Estíbaliz López Rodrigo, MD
We are grateful for the endeavors of our research fellow, Dr. Estíbaliz López Rodrigo. Dr. Rodrigo has over ten years of experience in the medical field, and is currently a clinical fellow at Memorial Sloan Kettering Cancer Center in New York City.
You can discover our previous research endeavors below.
This has been another productive year for research in the sarcomas of children and young adults:
- Sri Ambati is a former incumbent of the Margaux Grossman Fellowship. Sri is working in the laboratory of Dr. Malcolm Moore. Dr. Moore is one of the world’s foremost researchers in the area of cancer stem cells. Sri has shown that inhibitors of heat shock protein are effective in suppressing these Ewing sarcoma stem cells. Sri attended a highly competitive workshop sponsored by the American Association for Cancer Research and designed a clinical trial of this inhibitor to be tested in young patients with recurrent Ewing sarcoma. He completed a protocol for the clinical trial, which is being approved by the Institutional Review Board, and we hope to move very soon toward a clinical trial of a completely new drug attacking a completely novel target in patients with Ewing sarcoma. Every step of this groundbreaking research was supported completely by the generous donations of the Margaux’s Miracle Foundation.
- Heather Magnan is a former incumbent of the Margaux Grossman Fellowship. Heather has been successful in developing several new therapies. Her protocol for the treatment of desmoplastic small round cell tumor is actively accruing patients. She developed a novel form of therapy for desmoid tumors that was approved for use by the Children’s Oncology Group, the national organization that coordinates clinical trials for children with cancer throughout the United States and Canada. Heather developed our next generation therapy for Ewing sarcoma. She built upon the success we showed in treating children and young adults whose Ewing sarcoma had recurred following initial therapy. She has designed a trial for newly diagnosed patients with Ewing sarcoma that incorporates into our initial therapy the two drugs that achieved a high rate of response in patients with recurrent Ewing sarcoma. This trial has proved so exciting to patients and to referring physicians that it is accruing well ahead of schedule. We will learn soon if this enhanced therapy will lead to improved outcome for children and young adults with Ewing sarcoma.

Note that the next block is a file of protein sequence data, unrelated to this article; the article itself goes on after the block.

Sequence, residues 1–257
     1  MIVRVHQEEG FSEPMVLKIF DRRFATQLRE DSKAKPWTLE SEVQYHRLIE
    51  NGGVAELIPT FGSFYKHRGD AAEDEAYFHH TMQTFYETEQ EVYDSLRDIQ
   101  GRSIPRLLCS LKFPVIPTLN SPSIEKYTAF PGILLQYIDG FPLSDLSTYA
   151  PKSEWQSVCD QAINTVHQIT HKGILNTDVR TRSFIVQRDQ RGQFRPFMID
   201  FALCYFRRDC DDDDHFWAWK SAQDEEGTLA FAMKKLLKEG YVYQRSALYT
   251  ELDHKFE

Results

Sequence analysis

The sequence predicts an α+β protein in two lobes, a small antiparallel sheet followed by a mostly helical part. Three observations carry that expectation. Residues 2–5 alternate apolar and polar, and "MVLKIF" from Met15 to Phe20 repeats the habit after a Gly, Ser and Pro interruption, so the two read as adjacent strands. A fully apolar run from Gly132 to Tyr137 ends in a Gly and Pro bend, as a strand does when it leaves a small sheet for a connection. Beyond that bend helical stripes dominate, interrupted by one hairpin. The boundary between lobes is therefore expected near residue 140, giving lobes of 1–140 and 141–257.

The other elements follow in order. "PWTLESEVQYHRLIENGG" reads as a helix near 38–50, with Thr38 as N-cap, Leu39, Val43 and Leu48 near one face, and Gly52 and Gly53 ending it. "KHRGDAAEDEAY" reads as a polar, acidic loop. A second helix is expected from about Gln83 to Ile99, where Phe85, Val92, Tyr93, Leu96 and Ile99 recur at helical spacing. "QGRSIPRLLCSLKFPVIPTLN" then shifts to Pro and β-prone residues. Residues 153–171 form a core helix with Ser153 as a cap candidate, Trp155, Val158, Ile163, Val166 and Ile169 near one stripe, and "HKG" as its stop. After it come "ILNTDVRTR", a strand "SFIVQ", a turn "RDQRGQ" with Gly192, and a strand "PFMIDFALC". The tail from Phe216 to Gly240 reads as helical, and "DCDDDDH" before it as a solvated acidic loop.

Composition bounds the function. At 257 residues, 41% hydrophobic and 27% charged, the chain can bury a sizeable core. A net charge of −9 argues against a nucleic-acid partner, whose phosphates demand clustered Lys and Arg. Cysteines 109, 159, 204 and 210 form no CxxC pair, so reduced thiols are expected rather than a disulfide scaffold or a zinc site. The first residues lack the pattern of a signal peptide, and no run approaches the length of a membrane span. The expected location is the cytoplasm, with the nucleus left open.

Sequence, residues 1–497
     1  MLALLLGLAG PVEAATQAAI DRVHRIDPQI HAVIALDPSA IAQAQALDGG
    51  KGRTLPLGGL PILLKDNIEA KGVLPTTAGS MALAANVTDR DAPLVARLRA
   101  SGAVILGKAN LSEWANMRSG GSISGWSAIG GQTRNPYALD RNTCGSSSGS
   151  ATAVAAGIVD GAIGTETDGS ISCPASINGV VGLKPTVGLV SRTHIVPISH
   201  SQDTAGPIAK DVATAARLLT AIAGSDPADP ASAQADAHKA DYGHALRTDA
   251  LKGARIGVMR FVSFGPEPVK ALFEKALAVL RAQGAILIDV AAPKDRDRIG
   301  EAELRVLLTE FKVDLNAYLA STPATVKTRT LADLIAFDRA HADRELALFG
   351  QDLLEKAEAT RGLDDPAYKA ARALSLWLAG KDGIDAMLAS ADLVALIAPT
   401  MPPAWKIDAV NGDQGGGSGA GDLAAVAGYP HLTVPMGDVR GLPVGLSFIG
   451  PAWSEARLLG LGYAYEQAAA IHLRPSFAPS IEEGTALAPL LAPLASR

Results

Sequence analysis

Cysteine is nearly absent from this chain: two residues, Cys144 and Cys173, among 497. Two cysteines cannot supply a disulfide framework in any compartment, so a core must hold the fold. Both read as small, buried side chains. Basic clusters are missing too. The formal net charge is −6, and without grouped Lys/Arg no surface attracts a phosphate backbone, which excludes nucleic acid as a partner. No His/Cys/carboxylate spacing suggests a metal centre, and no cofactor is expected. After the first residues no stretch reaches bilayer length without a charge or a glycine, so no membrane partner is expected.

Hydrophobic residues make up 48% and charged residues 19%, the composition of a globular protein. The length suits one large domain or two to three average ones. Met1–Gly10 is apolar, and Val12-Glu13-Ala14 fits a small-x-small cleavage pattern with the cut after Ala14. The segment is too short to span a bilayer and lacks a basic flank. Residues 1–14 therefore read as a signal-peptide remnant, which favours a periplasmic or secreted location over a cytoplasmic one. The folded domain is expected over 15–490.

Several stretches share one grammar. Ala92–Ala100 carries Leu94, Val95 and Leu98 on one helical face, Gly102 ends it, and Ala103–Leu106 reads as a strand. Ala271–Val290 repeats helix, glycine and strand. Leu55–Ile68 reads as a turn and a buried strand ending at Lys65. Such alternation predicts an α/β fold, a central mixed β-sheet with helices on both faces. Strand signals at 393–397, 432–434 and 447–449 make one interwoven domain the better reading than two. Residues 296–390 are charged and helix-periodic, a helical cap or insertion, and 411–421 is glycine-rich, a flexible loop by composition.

- Working with Dr. Nai-Kong Cheung and his colleagues, Dr. Alex Chou has completed testing of a highly specific targeted monoclonal antibody against the GD2 antigen called the 3F8 antibody. Dr. Chou’s work has shown that this antibody can help to control metastases of osteosarcoma, the most common form of primary bone cancer in children and young adults. Dr. Chou has written a clinical trial incorporating the 3F8 antibody into front-line therapy of children and young adults with osteosarcoma.
- Neal Shukla is an attending in the Department of Pediatrics. His research has focused on the genomics of pediatric tumors. Using the powerful tools of molecular biology he has identified a previously unknown mutation in a gene that causes rhabdomyosarcoma, a tumor of the soft tissues in children and young adults. Ewing sarcoma is caused by a translocation between two chromosomes that creates a novel DNA sequence unique to the tumor. Dr. Shukla has developed an extremely sensitive assay to test for the presence of this unique sequence in circulating blood. We are testing this technique to see if it will allow us to monitor patients with Ewing sarcoma. This could represent an early warning system of disease recurrence, much more sensitive than Xrays or scans and one that requires only a simple blood test.